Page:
Another public health official warned against “overstressing sex” and advised avoiding any mention of homosexuality. And yet, the NPR report then turned to efforts to communicate this message at a recent “leather and fetish street fair” in San Francisco, complete with questions about “bondage performances.” Folks, I told you this would be awkward, but this is important.

Meanwhile, the New York Times tells us that in the nation’s largest city, “Some public health experts say that many gay men are likely to push back against any advice that could be seen as discouraging or stigmatizing gay sex.” The city’s public health commissioner said his department would remain “sex positive,” adding: “We want in no way to stigmatize sex at all.”

Media reports often mention that the overwhelming majority of cases and most traceable transmissions are found among (as authorities now define) “men who have sex with men.” Virtually all of the reports then pivot to the danger that some moral stigma might somehow be involved.

But moral stigma is involved. The Bible defines the very sexual practices that are now identified as leading to viral transmission as sodomy. There is no moral evasion there. Furthermore, as awkward as it might be, even to Christians, the medical reality is that the sex acts at stake here involve parts of human bodies that were never meant to come together. The tissues involved are easily damaged, leading to the transmission of disease. Christians understand that the natural law and Scripture underline the difference between natural and unnatural sexual relations. The natural law points also to the necessity, moral and medical, of understanding the difference between reproductive and digestive systems. Let’s leave it at that.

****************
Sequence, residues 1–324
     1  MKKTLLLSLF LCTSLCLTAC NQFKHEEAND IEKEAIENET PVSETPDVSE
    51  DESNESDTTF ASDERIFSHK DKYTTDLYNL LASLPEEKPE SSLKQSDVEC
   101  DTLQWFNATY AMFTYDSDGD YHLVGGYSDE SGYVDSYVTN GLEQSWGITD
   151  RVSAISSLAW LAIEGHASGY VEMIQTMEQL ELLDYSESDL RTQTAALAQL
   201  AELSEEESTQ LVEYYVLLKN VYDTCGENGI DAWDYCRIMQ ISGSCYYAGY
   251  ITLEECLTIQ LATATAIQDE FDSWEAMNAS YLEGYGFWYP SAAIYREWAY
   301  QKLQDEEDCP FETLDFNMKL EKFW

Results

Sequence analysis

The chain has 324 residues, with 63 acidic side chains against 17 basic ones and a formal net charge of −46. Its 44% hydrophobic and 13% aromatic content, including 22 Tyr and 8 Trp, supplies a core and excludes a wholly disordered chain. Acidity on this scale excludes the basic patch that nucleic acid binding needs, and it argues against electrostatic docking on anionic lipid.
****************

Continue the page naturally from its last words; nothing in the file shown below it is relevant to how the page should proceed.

We often observe that the moral rebellion of our day comes with deadly consequences. HIV and AIDS made that perfectly clear, but “public health” officials like Dr. Anthony Fauci were determined to submerge the moral facts in a cloud of homosexual affirmation. Here we are again, thankfully with a far less deadly virus, at least for now. We certainly hope for the sick to be made well.

Monkeypox is a dangerous disease, but it is also a moral parable. The most obvious way for mass transmission to stop is for men to stop having sex with men. But the new moral orthodoxy dismisses that fact as evidence of “stigma.” This is evidence, not only of a public health crisis, but of moral insanity.


R. Albert Mohler Jr.

Albert Mohler is president of The Southern Baptist Theological Seminary and Boyce College and editor of WORLD Opinions. He is also president of the Evangelical Theological Society and host of The Briefing and Thinking in Public. He is the author of several books, including The Gathering Storm: Secularism, Culture, and the Church. He is the seminary’s Centennial Professor of Christian Thought and a minister, having served as pastor and staff minister of several Southern Baptist churches.